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emaciated

[ih-mey-shee-ey-tid]
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adjective
  1. marked by emaciation.
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Origin of emaciated

First recorded in 1655–65; emaciate + -ed2
Related formsun·e·ma·ci·at·ed, adjective

Synonyms

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thin, wasted, puny, gaunt, haggard, scrawny.

emaciate

[ih-mey-shee-eyt]
verb (used with object), e·ma·ci·at·ed, e·ma·ci·at·ing.
  1. to make abnormally lean or thin by a gradual wasting away of flesh.
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Origin of emaciate

1640–50; < Latin ēmaciātus, wasted away, equivalent to ē- e-1 + maciātus, past participle of maciāre to produce leanness (maci(ēs) leanness + -ātus -ate1)
Dictionary.com Unabridged Based on the Random House Unabridged Dictionary, © Random House, Inc. 2018

Examples from the Web for emaciated

Contemporary Examples

Historical Examples

  • His handsome face, emaciated and pale, was that of the immortal Bonaparte.

    My Double Life

    Sarah Bernhardt

  • Starvation is in the emaciated features, the brilliant feverish eyes.

    The Night Riders

    Ridgwell Cullum

  • But what held his attention most was the lean, emaciated face and penetrating eyes.

    The Golden Woman

    Ridgwell Cullum

  • The man, though young and athletic, was emaciated and weary-looking.

    The O'Donoghue

    Charles James Lever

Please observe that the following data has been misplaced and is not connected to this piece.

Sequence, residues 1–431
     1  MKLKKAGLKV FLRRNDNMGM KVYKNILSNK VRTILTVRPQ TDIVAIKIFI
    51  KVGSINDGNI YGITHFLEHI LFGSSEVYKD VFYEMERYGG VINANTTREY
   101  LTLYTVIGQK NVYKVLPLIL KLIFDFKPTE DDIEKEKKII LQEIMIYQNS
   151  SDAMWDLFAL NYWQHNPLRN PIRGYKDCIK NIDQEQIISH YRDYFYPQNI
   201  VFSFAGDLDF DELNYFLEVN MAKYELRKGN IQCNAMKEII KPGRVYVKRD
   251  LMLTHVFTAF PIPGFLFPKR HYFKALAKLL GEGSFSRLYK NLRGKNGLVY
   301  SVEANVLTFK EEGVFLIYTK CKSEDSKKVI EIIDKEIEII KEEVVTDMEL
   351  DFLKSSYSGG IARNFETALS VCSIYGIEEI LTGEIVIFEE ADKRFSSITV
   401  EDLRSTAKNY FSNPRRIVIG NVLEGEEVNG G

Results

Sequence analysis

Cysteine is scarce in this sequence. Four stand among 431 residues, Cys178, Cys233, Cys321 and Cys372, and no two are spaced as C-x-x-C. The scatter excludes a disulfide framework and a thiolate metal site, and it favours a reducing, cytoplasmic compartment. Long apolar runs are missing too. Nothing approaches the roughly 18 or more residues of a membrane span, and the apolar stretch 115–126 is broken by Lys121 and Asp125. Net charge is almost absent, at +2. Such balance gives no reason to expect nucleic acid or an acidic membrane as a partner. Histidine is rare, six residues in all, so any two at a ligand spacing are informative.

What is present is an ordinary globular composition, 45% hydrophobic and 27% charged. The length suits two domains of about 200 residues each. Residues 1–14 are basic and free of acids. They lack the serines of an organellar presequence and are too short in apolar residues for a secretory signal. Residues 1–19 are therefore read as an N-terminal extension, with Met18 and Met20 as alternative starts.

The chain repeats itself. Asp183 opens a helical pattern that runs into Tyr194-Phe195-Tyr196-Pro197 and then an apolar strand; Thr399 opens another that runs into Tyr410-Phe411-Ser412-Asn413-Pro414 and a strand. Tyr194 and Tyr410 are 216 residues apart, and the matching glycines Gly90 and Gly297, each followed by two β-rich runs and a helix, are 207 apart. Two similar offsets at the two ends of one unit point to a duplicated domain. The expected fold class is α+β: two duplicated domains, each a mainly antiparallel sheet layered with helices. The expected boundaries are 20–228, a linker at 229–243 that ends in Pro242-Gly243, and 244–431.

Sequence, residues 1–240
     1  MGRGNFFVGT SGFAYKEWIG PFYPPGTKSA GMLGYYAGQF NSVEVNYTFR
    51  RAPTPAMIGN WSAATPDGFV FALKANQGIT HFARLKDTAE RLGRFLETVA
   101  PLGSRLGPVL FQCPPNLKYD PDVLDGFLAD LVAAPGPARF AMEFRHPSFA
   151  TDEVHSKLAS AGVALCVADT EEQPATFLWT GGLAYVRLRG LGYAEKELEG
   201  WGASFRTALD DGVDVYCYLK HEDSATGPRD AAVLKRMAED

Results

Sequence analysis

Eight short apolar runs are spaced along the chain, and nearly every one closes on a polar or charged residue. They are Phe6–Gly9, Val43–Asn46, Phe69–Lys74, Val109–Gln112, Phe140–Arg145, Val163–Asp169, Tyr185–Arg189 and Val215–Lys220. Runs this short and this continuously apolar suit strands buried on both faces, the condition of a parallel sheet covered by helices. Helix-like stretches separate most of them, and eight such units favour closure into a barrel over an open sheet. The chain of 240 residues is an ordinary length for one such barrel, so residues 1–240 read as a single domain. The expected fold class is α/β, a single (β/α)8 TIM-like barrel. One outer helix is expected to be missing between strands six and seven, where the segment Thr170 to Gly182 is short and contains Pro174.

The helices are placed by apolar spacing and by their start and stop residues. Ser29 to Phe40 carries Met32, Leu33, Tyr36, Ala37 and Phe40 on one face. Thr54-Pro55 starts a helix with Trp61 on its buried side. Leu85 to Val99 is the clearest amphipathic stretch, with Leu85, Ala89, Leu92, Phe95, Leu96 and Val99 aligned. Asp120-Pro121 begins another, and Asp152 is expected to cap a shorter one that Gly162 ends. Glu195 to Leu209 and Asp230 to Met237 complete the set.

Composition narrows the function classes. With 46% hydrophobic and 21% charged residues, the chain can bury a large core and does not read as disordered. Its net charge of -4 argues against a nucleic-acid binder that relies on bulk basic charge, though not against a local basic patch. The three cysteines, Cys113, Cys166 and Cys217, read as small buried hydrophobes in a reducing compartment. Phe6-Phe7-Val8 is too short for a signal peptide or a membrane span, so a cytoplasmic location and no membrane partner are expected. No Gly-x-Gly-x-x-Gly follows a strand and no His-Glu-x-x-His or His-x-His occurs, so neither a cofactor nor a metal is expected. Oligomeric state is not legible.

• You haven't a particle of feeling, or you would be emaciated by this time.

    Molly Bawn

    Margaret Wolfe Hamilton


British Dictionary definitions for emaciated

emaciated

adjective
  1. abnormally thin
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emaciate

verb
  1. (usually tr) to become or cause to become abnormally thin
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Derived Formsemaciation, noun

Word Origin

C17: from Latin ēmaciāre to make lean, from macer thin
Collins English Dictionary - Complete & Unabridged 2012 Digital Edition © William Collins Sons & Co. Ltd. 1979, 1986 © HarperCollins Publishers 1998, 2000, 2003, 2005, 2006, 2007, 2009, 2012

Word Origin and History for emaciated

adj.

1660s, past participle adjective from emaciate.

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emaciate

v.

1620s (implied in emaciating), from Latin emaciatus, past participle of emaciare "make lean, waste away," from ex- "out" (see ex-) + macies "leanness," from macer "thin" (see macro-). Related: Emaciated; emaciating.

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Online Etymology Dictionary, © 2010 Douglas Harper